Art Entrepreneur Wins $100,000 Pittsburgh Prize Artist Tess Lojacono talks about winning the "Experienced Dreamers" contest designed to lure middle-aged entrepreneurs to Pittsburgh.
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In November, I wrote about Pittsburgh's Experienced Dreamers contest for entrepreneurs 45 and older. The former smokestack city offered a $100,000 prize to the out-of-town entrant with best idea for locating a new business, philanthropy, or artistic endeavor in Pittsburgh.
The prize goes to Tess Almendarez Lojacono (right), a 55-year-old artist currently living in East Aurora, NY. She won by proposing to relocate and expand her already-existing Fine Art Miracles, a five-year-old company that teaches fine art classes to residents of assisted living facilities and nursing homes.
Lojacono's goal is to provide intellectual stimulation for older people and to help them tap their creativity.
"I like to show people that they're still able to create," she says. "We're offering something a little more intellectually challenging for them than painting between the lines, and a lot of them really like that. We have older gentlemen who sign up for our classes who wouldn't do crafts." You can read an excerpt of her application for the award here.
For Lojacono, her second act in Pittsburgh actually is a homecoming. A native of Pine Township in the city's suburbs, she earned a degree in fine arts from local Carnegie Mellon University, and lived in Pittsburgh until 1991. The seeds of her current venture actually were sown back then; one day she stopped at a flea-market sale held by a local nursing home and suddenly had the inspiration to volunteer to make clay sculptures with residents. "They let me move my kiln into the basement, so that we could fire the pieces," she recalls.
After moving to western New York in search of a new perspective, Lojacono became an art educator and administrator, and then got married and took a break from her career to raise her children, now 10 and 12. But her urge to work with the elderly persisted, and eventually she started Fine Art Miracles.
Lojacono's approach is to offer her clients a bigger dose of intellectual and creative stimulation that they get from most therapeutic activities. She incorporates art history and a lot of visual aids into her classes. After showing participants reproductions of Georgia O'Keefe's floral portraits, for example, she invites them to create their own versions on black art paper. She'll provide as little or as much assistance as her students need.
"We find that even people in their eighties and nineties are interested in learning something new," Lojacono says. "I've developed a lot of respect for their intellects."
Part of her job is helping people who haven't previously tried making art to get over their perception that it's an activity only for a creative elite. "They'll say, I can't draw a line with a ruler," she says. "I'll say, 'that's great. I don't want any straight lines in here.' We start with a blank sheet of paper. What I find, though, is that when I help them to draw, pretty soon they're sitting up straight and smiling."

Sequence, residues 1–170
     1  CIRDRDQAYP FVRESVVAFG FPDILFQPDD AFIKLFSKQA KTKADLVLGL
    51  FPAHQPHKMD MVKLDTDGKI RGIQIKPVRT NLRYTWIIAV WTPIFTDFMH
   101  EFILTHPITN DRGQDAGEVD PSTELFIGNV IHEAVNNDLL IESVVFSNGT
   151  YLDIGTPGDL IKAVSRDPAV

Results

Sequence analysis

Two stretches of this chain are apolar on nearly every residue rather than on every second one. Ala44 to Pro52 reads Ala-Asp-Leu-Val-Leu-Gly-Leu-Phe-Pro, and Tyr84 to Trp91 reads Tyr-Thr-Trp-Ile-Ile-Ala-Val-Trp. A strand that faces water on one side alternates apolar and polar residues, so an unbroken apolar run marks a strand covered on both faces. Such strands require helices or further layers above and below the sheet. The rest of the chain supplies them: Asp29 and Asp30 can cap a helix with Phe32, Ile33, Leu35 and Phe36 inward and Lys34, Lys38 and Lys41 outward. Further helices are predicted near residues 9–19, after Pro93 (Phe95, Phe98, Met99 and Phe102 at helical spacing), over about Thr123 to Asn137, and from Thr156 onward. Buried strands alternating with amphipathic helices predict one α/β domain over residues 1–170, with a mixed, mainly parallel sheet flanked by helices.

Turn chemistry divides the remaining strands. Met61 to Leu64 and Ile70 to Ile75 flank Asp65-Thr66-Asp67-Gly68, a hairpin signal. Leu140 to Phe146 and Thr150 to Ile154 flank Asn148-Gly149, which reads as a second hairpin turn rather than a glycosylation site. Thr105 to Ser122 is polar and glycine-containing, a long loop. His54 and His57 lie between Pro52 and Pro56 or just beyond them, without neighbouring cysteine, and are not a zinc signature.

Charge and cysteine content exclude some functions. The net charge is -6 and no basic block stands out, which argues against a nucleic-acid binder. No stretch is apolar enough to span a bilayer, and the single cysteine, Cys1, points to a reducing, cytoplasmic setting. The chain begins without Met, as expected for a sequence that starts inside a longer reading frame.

Her students often are surprised, she says, when she points out characteristics in their projects that evoke works by famous artists. "I'll say, 'Let me show you a Jean Miro or a Modigliani, that is similar in some ways to what you've done.' And I'm not just saying that to them to be nice. There is this great, untapped wealth of creativity and talent in people in nursing homes and assisted living centers. Our goal is to bring that out."
Lojacono plans to hire others to continue her classes in New York state, while she moves to Pittsburgh and launches an ambitious effort to expand Fine Art Miracles into a national enterprise that can serve older Americans across the United States. Part of her strategy will be to train art teachers, both directly and through a training package that she hopes to market to the activity departments of assisted living facilities and nursing homes.
Lojacono and her husband are searching for a new home and plan to move to Pittsburgh later this year.
Her concept of using fine arts for mental stimulation and enrichment for the elderly has strong precedents. Last March, I wrote a blog post about I Remember Better When I Paint, a documentary about how the late American painter Hilda Goldblatt used art to express herself as a nursing home patient, despite the ravages of Alzheimer's disease. The late pioneering gerontologist Gene D. Cohen, in his 2001 book The Creative Age: Awakening Human Potential in the Second Half of LIfe, made the case that art is a powerful tool for improving the quality of life for elderly people.
A group of Pittsburgh-area government and community organizations, among them the Heinz Endowments and the Jewish Healthcare Foundation, sponsored the 2011 Experienced Dreamers contest. Pittsburgh leaders decided to hold the contest, in part, because of a 2009 survey that put the lie to the notion that cities must rely on young residents to drive growth, said contest spokesman Shawn Bannon. If Pittsburgh can attract 1,250 entrepreneurs age 45 and over who are eager to reinvent themselves, the study concluded, the city would realize an economic benefit of $2.5 billion over the next two decades.
"We're talking about people who can be models and mentors for those young people we've been working so hard for so many years to attract," Bannon said when the contest was announced. "They bring with them experience, wisdom, leadership skills, and a host of other qualities that are critical for the health of a region."